In Linux, comparing the kernel functions named
indicates that the etymology of the letter
This is confirmed by line 114:
The /dev/urandom device does not have this limit […]
Regarding which came first for Linux,
/dev/urandom, @Stéphane Chazelas gave the post with the original patch and @StephenKitt showed they were both introduced simultaneously.
It depends on which “Unix” system you are talking about.
On FreeBSD, /dev/urandom and /dev/random are the same device. The letter u is now a historical legacy that exists for backward compatibility. At startup, they block until enough entropy has been gather and then never block again. See Myths about urandom for details.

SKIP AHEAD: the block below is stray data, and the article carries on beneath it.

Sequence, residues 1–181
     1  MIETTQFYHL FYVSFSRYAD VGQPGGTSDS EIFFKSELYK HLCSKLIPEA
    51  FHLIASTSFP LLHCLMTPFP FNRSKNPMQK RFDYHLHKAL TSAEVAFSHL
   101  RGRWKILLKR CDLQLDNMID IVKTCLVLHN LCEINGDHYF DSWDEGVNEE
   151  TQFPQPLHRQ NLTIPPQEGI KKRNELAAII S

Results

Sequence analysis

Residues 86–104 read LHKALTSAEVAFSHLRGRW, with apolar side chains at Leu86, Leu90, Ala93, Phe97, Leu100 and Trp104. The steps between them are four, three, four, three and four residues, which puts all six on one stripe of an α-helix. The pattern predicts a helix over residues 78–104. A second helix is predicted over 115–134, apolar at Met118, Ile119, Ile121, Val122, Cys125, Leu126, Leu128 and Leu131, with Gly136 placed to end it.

In the modern Linux world (starting with kernel 4.8), both devices pull from the same CSPRNG, so the only difference is that some people speculate at the existence of an attack. This attack is like FTL [Faster than Light] travel. Easy to speculate about, rather hard to actually design.
TLDR is just use /dev/urandom.
Uniform. Random numbers uniformly distributed between 0 and 1. A flat distribution… as opposed to a peaked distribution like Poisson, or Normal/Gaussian.